Unfortunately, we are fascinated with labeling and ranking. We rank schools based on LSAT scores, we rank schools based on bar results, and we characterize law schools by tiers and students by LSAT scores. We assert that students with LSAT scores below a certain number are inferior and unworthy, but fail to take into consideration that the creators of the LSAT affirmatively declare that such a conclusion is not valid and is an improper use of the LSAT score. We assert that the LSAT test measures the ability to practice law, again contrary to the proper use of the LSAT and again despite the fact that there is no evidence to substantiate the claim. We disregard that minority groups are arguably adversely affected by multiple-choice tests.

In the land of opportunity, those who would deny anyone who has graduated from college the opportunity to fulfill a dream based on an LSAT cut-off score are elitist, paternalistic, and ignorant of the purpose of the very test they rely upon as the basis for their denial. Law school applicants and law schools deserve better treatment.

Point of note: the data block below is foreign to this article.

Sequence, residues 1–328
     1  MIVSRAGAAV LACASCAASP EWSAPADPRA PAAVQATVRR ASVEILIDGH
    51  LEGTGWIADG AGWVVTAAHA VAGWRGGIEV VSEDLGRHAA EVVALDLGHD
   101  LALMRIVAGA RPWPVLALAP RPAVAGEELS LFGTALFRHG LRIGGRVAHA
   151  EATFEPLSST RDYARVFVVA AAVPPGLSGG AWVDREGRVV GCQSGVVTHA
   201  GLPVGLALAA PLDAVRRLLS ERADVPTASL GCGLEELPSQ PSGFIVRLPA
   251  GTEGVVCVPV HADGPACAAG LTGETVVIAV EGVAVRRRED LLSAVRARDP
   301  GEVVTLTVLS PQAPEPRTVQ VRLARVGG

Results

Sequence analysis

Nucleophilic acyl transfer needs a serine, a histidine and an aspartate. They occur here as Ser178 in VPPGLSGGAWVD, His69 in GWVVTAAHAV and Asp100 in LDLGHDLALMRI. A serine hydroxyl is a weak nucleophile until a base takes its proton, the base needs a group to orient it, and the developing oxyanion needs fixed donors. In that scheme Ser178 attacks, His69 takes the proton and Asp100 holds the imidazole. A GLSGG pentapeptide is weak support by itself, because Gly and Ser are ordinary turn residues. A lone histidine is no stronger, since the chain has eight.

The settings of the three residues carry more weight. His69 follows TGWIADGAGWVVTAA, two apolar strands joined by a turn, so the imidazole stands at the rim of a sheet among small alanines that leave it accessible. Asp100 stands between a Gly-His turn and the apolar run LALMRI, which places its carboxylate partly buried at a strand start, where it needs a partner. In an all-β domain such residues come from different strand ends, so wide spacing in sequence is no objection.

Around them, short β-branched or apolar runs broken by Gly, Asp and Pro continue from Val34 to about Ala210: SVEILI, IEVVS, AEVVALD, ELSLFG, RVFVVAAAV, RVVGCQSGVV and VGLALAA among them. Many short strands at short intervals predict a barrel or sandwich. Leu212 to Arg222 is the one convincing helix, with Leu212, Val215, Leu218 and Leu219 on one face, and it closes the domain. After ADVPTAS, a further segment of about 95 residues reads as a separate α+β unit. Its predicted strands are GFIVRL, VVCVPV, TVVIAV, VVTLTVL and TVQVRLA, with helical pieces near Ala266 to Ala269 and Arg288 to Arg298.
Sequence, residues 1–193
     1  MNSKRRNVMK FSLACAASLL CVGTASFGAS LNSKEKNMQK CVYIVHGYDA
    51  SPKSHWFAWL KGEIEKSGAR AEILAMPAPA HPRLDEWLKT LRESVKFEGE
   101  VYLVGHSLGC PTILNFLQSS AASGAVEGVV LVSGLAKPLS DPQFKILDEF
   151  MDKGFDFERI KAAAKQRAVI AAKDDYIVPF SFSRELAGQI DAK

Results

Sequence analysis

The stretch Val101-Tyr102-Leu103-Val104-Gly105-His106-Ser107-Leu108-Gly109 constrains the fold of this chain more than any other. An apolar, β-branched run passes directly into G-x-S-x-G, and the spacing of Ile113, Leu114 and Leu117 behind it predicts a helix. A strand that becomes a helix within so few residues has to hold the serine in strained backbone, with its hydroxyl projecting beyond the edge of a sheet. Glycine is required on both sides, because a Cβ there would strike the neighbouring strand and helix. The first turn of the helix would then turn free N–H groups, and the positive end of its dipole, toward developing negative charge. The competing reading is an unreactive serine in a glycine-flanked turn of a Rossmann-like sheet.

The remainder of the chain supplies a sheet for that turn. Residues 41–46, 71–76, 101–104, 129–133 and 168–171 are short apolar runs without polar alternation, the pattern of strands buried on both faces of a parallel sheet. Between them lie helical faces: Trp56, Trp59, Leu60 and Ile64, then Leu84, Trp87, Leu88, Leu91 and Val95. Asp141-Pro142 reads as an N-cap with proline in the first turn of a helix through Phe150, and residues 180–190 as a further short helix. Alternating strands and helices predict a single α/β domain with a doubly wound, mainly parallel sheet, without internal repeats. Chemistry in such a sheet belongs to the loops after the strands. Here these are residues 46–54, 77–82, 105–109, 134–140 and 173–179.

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WMU-Cooley’s Lansing Campus Is One of Nation’s Best Affordable Places to Live

Lansing is ranked as one of the nation’s best affordable places to live, in fact the fourth best of all, according to a major source on lifestyles nationally,  The site salutes the great value to be found in Lansing from housing and transportation costs to bargains with entertainment, shopping, and education.

Livability places Lansing at the top with other great cities, noting: “These budget-friendly cities offer lots of things to do and help families stretch their paychecks further. ”  It specifically highlights the outstanding culture and recreation our city has to offer:

With many restaurants, bars and music venues catering to the college crowd, residents can easily find great deals. Lansing City Market, which overlooks the Grand River in downtown, provides a lively setting for residents to procure farm fresh produce, artwork and crafts. Bike trails, walking paths and gardens tempt outdoor lovers to engage in the recreational activities Lansing offers. Kayakers are often seen paddling through town.



Lansing’s high ranking comes as no surprise to us.  As we wrote last year, Western Michigan University Cooley Law School’s students, faculty, and staff have long enjoyed the benefits of living, working, and studying in Lansing.  We in the Lansing community share in outstanding cultural diversity, a host of arts and entertainment, wonderful recreational activities, great restaurants, major historical attractions, and, of course, abundant educational opportunity.  For a taste of the city, see the video This is My Downtown.

Come and visit Western Michigan University Cooley Law School’s Lansing campus.  It’s a great place to learn the law.  We would be glad to show you around!